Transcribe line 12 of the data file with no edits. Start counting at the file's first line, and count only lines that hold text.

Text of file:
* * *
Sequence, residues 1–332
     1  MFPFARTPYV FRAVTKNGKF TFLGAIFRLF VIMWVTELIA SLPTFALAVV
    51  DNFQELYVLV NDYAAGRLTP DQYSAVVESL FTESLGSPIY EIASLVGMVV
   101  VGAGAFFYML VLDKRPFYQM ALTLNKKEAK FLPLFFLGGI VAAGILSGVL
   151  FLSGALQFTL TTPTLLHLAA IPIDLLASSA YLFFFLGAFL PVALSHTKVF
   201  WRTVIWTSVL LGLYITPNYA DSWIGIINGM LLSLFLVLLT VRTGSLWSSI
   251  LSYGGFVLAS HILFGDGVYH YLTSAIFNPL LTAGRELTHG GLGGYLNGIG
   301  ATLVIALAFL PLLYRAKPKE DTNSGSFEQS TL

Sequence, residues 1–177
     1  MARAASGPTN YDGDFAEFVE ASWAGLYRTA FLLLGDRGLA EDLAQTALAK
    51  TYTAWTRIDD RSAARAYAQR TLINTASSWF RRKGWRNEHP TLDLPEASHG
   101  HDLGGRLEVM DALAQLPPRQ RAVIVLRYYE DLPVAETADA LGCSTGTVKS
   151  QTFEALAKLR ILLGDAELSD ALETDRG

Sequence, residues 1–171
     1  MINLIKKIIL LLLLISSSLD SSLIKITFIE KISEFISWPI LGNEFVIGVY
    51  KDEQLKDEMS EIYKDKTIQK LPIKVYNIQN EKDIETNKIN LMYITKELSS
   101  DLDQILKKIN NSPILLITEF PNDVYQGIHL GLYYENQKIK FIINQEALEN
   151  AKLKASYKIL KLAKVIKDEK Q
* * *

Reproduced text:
   101  HDLGGRLEVM DALAQLPPRQ RAVIVLRYYE DLPVAETADA LGCSTGTVKS